Atlanta’s LGBT community is beaming with pride following the nationally televised address on HIV/AIDS by local activist Daniel Driffin.
The THRIVE SS co-founder spoke during the start of day three of the Democratic National Convention in Philadelphia. Driffin, who is openly gay and living with HIV, urged the audience “to go get tested—then go and vote.”
Driffin praised Democratic presidential nominee Hillary Clinton for her work to ”ensure that 6.7 million people around the world got access to antiretroviral therapy,” along with her involvement in lifting the travel ban for people living with HIV.
Late Monday, the campaign also announced that it will provide a platform for an openly HIV-positive speaker, the first time in 16 years HIV/AIDS is being addressed at a convention. Then Jesse Milan spoke at the 2000 convention in Los Angeles nominating Vice President Al Gore, though not in primetime.
There have been no openly HIV-positive speakers since Milan in 2000, including during the two conventions under President Barack Obama, even as the crisis moved into people of color communities.
Jaron Benjamin of Housing Works in New York described Driffin thusly: “He’s a 30 year old gay black man living with HIV, and a great public speaker. He will enter Morehouse School of Medicine’s MPHA program in the fall and has served as a Georgia Equality Youth HIV Policy Advisor. He was recently part of a PBS segment on the HIV epidemic in Atlanta. He’s also a founder of “Undetectables Atlanta,” a group of over 400 gay/bisexual men with HIV, and is also a founder of THRIVE SS, a non-profit service organization serving the same population. He also serves as co-chair of the Task Force to End AIDS in Fulton County, Georgia.”
Read the full transcript of Driffin’s speech below via C-SPAN:
Good afternoon. I live in Atlanta, Georgia and I serve as the co-founder of Thrive SS.
Together with more than one million Americans, I am living with HIV. When the HIV/AIDS epidemic first emerged in the 1980’s, I was not born yet. It was a mysterious virus, then a deadly one too. It seemed to be picking off gay men one by one, especially Black and Latino. The community spoke out so that policymakers would take notice. And while summoning their voices, Hillary Clinton listened. She advocated for the increased funding for prevention and research as first lady, and then worked to increase the funding in the senate. She defended the Ryan White Care Act and expanded research in testing and education.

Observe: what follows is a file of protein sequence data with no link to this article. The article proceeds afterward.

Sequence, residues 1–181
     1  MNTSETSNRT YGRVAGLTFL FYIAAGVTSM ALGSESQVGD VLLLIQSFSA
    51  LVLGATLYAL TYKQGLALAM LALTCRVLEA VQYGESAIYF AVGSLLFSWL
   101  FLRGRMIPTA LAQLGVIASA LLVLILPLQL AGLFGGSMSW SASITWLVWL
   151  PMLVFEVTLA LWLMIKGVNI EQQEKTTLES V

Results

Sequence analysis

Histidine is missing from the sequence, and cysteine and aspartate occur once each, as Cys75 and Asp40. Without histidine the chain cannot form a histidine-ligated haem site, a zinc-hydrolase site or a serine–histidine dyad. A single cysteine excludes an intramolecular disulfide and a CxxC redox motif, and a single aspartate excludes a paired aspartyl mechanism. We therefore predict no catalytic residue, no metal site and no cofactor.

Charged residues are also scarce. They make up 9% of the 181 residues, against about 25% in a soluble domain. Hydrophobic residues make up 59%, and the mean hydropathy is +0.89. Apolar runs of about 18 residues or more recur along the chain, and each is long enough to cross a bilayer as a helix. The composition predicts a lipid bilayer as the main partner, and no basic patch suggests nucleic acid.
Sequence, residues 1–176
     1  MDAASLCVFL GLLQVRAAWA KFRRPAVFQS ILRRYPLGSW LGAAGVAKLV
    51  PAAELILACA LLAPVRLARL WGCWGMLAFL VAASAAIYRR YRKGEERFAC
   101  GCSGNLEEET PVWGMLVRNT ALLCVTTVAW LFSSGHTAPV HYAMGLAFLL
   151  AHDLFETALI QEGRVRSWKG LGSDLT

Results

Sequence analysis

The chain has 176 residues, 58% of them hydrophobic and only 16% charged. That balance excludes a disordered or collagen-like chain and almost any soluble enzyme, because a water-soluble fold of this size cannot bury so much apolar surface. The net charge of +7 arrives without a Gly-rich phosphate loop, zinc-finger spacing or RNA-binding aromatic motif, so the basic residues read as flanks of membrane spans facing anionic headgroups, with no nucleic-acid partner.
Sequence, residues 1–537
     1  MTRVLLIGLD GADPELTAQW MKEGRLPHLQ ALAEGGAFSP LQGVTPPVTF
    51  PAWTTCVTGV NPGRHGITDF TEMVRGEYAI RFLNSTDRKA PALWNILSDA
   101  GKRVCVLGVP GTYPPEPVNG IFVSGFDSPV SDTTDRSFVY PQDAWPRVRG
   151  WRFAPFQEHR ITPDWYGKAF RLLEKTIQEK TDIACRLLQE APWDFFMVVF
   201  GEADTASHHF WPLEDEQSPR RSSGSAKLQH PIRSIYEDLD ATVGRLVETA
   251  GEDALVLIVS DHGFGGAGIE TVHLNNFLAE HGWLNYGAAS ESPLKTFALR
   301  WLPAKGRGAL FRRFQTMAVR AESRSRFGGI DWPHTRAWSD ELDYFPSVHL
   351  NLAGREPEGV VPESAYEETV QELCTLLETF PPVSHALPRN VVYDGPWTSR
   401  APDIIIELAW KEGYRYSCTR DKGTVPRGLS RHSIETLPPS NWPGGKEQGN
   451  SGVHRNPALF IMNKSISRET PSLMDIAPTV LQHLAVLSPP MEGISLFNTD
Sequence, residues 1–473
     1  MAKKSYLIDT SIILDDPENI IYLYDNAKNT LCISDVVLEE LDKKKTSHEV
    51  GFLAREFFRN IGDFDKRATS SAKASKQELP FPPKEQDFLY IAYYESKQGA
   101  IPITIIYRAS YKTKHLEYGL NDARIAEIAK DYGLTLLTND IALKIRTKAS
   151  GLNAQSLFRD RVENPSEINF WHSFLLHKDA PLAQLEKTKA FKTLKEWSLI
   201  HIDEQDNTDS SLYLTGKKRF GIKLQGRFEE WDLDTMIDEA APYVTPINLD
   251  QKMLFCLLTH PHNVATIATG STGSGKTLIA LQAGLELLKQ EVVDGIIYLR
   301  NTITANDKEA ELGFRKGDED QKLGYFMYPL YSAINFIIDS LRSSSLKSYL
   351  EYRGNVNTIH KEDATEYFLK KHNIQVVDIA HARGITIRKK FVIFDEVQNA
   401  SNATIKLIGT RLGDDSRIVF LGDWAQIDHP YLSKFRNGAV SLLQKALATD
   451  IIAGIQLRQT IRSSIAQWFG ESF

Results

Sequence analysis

As secretary of state, Hillary helped to ensure that 6.7 million people around the world got access to antiretroviral therapy. And she cracked down on the stigma around the virus and helped lift the travel ban with the help of the congressional black caucus, which presented people with HIV/AIDS from entering the country.
The number of new HIV/AIDS diagnoses is on the decline in the U.S. by nearly 20% over the last decade for certain populations.
We know how to prevent the virus now. We know how to diagnose the virus now. We know how to treat it and we know how to suppress it. We have learned all about it within my lifetime. But still, there are many living with HIV. And do you know who is most at risk? Young gay black men. Men like me. In fact —one in two gay black men will be diagnosed with HIV in their lifetime if current rates continue. If we have enough data, I’m sure black transgender women are more at risk too.
What can we do to fight HIV/AIDS today? We invest in research and education; expand treatment and prevention. And we elect Hillary Clinton. [applause]
With Hillary Clinton as our president, I believe that we can meet our goals of an aids free generation. As an organizer, as a black man, as a gay man, and as a man living with HIV, I ask you to go get tested—then go and vote. Thank you.